Probate & Estate FAQ’s

  1. When can a will be contested?There are a number of circumstances under which an individual may choose to contest a will:
    • If undue influence was a factor
    • If the will was not properly executed
    • If the person who signed the will did not possess “testamentary capacity” i.e. the mental capacity to understand the process and purpose of executing a will
    • If the will was handwritten and it does not meet Texas rules and standards applying handwritten wills
    • If disputes arise between beneficiaries
  2. Can an executor or trustee be removed?Situations in which an executor or trustee can be removed include:
    • When other individuals who have an interest in the estate believe that an executor or trustee are not fulfilling their duties
    • When the executor or trustee does not have expertise or knowledge of his or her duties
    • When the executor or trustee does not have the best interests of all parties involved in mind
    • When the executor or trustee acts fraudulently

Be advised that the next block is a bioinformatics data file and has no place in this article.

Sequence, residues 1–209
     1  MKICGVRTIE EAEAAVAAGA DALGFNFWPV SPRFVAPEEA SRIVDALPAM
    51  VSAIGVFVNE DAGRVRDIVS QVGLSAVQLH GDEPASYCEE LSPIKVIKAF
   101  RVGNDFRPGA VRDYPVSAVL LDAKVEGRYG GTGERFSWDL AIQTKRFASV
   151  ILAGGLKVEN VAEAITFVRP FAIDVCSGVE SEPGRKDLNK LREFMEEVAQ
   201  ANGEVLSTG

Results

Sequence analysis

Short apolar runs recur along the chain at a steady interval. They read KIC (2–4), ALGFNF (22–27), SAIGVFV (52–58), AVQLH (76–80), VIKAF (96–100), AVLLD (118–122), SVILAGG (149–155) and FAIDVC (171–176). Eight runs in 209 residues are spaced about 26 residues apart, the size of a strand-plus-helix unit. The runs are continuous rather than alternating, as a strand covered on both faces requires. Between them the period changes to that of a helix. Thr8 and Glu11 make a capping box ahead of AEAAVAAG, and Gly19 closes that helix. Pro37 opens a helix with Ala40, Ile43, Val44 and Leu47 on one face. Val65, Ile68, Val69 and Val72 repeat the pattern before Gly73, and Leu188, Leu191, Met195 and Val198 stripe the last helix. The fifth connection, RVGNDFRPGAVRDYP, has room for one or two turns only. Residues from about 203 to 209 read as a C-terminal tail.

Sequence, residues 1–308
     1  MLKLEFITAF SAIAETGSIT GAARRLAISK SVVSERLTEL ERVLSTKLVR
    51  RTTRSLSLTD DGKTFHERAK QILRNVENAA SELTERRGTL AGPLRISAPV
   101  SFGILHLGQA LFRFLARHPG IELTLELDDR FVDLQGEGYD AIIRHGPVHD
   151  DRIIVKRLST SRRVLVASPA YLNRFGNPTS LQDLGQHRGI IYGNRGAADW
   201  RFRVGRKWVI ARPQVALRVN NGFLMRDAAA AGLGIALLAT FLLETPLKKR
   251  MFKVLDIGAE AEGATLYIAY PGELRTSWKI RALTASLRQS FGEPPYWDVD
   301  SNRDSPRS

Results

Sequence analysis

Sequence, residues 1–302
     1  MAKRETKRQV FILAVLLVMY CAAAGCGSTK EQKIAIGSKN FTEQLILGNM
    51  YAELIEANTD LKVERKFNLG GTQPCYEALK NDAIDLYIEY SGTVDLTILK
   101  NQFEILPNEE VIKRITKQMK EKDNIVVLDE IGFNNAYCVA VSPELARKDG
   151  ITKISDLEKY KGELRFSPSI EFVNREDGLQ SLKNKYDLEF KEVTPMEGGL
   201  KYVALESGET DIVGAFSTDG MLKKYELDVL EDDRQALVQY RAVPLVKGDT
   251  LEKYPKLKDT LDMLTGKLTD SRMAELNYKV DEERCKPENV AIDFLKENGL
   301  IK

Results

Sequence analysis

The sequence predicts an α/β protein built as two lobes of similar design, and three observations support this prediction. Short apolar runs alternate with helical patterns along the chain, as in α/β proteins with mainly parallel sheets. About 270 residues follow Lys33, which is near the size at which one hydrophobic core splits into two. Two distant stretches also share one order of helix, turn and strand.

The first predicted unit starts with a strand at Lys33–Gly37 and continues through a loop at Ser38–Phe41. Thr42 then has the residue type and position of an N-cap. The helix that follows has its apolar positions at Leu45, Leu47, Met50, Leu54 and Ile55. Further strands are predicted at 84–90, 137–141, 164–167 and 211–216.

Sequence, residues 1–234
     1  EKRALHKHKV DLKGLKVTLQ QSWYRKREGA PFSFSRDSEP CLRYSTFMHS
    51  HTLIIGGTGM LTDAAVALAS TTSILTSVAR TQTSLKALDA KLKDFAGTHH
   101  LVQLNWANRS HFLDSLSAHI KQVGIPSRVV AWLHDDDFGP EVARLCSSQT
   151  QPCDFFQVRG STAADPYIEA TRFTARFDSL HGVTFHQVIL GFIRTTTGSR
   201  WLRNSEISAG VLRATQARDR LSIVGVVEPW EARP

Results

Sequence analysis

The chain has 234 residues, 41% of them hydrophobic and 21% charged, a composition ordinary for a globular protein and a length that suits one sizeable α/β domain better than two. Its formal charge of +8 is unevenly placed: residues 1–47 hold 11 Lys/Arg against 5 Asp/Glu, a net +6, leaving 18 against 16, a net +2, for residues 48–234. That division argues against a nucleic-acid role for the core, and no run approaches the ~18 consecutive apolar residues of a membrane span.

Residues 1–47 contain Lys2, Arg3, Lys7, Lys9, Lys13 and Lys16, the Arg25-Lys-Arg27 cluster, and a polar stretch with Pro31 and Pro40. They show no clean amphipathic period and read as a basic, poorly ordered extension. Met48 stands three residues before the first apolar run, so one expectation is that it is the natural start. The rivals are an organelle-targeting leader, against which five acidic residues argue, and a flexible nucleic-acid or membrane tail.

• When the executor or trustee fails to make payments
  3. Is probate or trust litigation expensive?Yes. However, it is important to explore your payment options. You may be able to hire an attorney on an hourly basis or on a contingency fee basis. The hourly rate of experienced attorneys is about $350 to $450 an hour. If you choose a contingency fee arrangement, your attorney will get a certain percentage of the total amount of money he or she recovers for you. Besides attorney fees, deposition expenses, court reporters, expert witnesses, and costs arising from the discovery process alone are significant.
  4.   Do you offer free consultations?  No, I do not, and I would appreciate it if you’d stop asking.